Women in the United States are becoming increasingly educated and focused on building careers to join the executive ranks, but while some are charging forward with graduate level degrees, others struggle to obtain fair employment with a livable wage. Currently, 38% of young women have at least a four-year college degree, compared with 31% of young men. This almost reverses the 8% gap in 1970 when 20% of men had at least a four year college degree and only 12% of women. However, while women are becoming more educated, they continue to be the minority in business executive level positions; only 14.6% of the Executive Officers at Fortune 500 companies are women.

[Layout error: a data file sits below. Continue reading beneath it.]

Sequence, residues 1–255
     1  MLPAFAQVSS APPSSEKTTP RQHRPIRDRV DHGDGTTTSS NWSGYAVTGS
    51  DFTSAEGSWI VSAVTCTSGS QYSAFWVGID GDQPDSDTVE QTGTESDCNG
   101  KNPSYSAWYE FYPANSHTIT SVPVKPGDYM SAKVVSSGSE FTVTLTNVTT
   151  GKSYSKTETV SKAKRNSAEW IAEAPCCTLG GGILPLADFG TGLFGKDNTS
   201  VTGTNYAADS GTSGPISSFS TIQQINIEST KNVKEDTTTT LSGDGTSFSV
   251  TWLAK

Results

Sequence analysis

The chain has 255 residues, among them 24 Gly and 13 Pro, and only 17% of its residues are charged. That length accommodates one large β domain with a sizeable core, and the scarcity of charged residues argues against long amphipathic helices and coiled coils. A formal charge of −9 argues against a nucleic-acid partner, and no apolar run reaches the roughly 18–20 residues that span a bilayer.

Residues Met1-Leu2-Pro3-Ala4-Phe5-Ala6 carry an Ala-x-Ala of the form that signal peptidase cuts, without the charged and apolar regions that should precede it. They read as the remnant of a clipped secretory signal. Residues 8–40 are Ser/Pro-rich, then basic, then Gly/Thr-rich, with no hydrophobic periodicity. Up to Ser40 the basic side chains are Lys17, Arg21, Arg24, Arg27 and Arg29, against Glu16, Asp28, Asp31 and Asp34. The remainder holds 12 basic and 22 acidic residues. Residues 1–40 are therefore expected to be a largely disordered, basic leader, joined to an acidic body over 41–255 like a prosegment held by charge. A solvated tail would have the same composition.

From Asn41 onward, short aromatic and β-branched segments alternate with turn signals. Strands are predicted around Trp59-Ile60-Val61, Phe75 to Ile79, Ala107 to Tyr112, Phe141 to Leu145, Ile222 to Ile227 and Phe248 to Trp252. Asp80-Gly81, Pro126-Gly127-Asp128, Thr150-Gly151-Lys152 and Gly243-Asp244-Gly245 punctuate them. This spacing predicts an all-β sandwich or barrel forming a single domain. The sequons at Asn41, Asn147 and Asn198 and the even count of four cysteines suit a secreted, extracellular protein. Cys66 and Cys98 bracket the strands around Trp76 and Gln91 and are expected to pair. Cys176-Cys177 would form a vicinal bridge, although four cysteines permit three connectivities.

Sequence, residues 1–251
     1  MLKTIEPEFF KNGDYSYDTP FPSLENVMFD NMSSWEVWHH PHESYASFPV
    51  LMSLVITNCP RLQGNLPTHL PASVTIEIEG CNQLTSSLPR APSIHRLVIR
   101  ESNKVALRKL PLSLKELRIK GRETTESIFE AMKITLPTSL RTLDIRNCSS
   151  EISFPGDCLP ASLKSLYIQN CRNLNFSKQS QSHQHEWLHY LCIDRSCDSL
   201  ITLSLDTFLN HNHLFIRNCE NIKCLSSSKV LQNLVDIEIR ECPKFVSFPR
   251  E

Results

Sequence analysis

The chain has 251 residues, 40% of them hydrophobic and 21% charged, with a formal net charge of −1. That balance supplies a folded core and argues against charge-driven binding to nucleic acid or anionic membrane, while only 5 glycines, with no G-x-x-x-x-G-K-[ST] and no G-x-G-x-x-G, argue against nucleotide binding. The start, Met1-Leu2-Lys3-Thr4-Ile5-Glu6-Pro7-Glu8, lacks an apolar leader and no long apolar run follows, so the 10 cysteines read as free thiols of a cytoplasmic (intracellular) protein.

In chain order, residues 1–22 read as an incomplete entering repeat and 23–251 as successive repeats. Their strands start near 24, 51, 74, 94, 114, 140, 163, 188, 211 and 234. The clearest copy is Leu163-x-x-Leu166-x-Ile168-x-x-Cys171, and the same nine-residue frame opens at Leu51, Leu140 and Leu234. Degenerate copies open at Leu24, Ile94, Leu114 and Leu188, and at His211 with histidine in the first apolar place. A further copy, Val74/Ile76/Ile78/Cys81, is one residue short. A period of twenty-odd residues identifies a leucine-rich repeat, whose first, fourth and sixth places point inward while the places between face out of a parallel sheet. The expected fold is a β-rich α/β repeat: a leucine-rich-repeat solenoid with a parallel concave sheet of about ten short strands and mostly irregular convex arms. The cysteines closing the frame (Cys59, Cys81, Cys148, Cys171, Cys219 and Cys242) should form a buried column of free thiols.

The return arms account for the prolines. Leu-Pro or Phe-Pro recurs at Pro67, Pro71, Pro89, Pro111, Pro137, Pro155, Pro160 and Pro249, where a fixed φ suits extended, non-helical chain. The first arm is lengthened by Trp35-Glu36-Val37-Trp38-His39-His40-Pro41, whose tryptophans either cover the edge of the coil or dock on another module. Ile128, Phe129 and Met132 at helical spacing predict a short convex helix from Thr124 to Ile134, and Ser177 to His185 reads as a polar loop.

The good news is that improving diversity in the workplace encourages business growth. A McKinsey study found that the growth in women in the workforce from 1970-2009, from 37%-48%, accounts for one-quarter of the US economic growth; and the non-profit group Catalyst found a 26% increased return on invested capital (ROIC) between the top-quartile of companies with 19-44% female board representation versus the bottom quartile of companies that had no female board members.
Erika Karp, CEO of Cornerstone Capital, was recently interviewed by Bloomberg about the importance of empowering women in the workplace for economic strength (see video here). Karp highlights companies that understand the importance of empowering women as an economic input leading to profitability, including some that have as defined in a piece co-written by Karp and Derek Yach embraced the grey. This refers to understanding that perfect is the enemy of good and that the challenge is to continue improving gradually rather than expect a one-stop solution. Karp says, Corporate excellence and diversity are inexplicably linked. We couldnt agree more.